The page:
Classification of employment determines the level of security for a worker under national law in their country of residence. Employees enjoy protections such as unfair dismissal, accidents at work, and benefits such as minimum annual paid vacation days, sick pay, and paid maternity leave. Classification of employment has been scrutinised in the case against Uber, to determine if drivers were in fact, employees and as such entitled to employee benefits and protections. The case went in the favour of the drivers. This is significant for remote teams where misclassification of employees can be common. 



Misclassification of employment for remote workers is generally a quick work around the fact that companies have no physical presence or legal entity in a country where their team members reside. It’s a quick, simple way of onboarding a worker, so work can start and they can pay them. In this case, the worker does not have protections and employee benefits, nor does the company need to pay social security contributions or taxes for the worker under this classification. Whereas, the independent contractor will often have to cover these costs for themselves. And in some countries these contributions can be quite high, and irrespective of what a worker earns. It’s these costs that are often recalled when an employee has been found to be misclassified as an independent contractor. 



employee misclassification



If the working relationship is in fact, that of an employer and employee. When making an offer of employment to a worker who is resident in a country in the EEA, a company can evaluate the options they have to hire this candidate:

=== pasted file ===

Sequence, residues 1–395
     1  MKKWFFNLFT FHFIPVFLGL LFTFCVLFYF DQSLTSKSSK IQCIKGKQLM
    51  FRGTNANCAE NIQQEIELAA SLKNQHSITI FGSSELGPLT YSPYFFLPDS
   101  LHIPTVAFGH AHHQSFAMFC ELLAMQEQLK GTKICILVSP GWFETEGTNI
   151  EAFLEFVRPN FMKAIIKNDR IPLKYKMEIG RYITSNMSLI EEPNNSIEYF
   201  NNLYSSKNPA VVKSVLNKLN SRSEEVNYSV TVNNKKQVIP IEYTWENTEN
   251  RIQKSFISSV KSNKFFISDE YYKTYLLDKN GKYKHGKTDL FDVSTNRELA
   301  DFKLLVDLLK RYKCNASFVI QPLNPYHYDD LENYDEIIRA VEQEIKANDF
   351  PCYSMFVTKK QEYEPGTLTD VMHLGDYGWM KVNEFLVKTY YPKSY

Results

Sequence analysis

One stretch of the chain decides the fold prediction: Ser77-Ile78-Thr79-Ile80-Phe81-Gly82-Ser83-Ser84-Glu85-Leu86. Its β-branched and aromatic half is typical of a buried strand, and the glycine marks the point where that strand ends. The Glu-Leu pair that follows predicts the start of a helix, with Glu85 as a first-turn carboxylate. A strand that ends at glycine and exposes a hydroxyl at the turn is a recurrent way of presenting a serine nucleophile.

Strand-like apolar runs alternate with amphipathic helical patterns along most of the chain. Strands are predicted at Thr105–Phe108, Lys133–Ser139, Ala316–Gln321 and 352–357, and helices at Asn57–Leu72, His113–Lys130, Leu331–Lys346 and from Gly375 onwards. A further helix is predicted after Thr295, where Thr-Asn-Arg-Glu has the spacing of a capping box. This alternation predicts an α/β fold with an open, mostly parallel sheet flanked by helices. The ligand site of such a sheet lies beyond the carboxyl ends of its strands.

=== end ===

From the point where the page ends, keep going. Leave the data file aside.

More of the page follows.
1) Onboard as a direct employee of the company
2) Make an offer as an independent contractor, assuming the risk (if any) of misclassification depending on the country
3) Use a third party to outsource the onboarding process (Employer of Record)
4) Establish a legal entity 


EEA is one single borderless region for companies hiring remotely


Technology has completely transformed how and where people work today. However, legislation has not been adapted to reflect this enormous shift in how we work which has been compared to as significant as the industrial revolution. Accelerated by the covid pandemic, we now have the capability to work entirely virtually. Creating valuable opportunities for companies to access and to recruit the best talent onto their team, irrespective of where they are geographically based. 


The topic of how a company can onboard workers that are based outside their jurisdiction, requires a balance of risk, cost and IP protection. Coordination of EU Labour laws and social security protection for workers have been designed for the consideration of traditional work environments. Although some alterations in policy have been made on a national level, Companies and national governments must interpret existing laws for application to a remote working environment. There is no single solution. Companies will likely use a combination of solutions to balance risk, costs and business needs. 


For companies that have an established legal entity in any EEA member state, they benefit from the ability to onboard employees right across the region. Not only does this enable them to access a huge pool of talent, whether that is technical, linguistic, or industry-specific expertise. But also maintain full control of the legal employment relationship and business Intellectual Property. 


By reducing the complexities and high costs for companies to stay compliant when opening up their hiring across Europe, we facilitate compliant employee onboarding and fair employment opportunities across the region. Not only does this improve the accessibility of skills and expertise, but it also creates a fairer distribution of quality job opportunities to every rural corner of Europe. 

Rachel Craig

Remote Work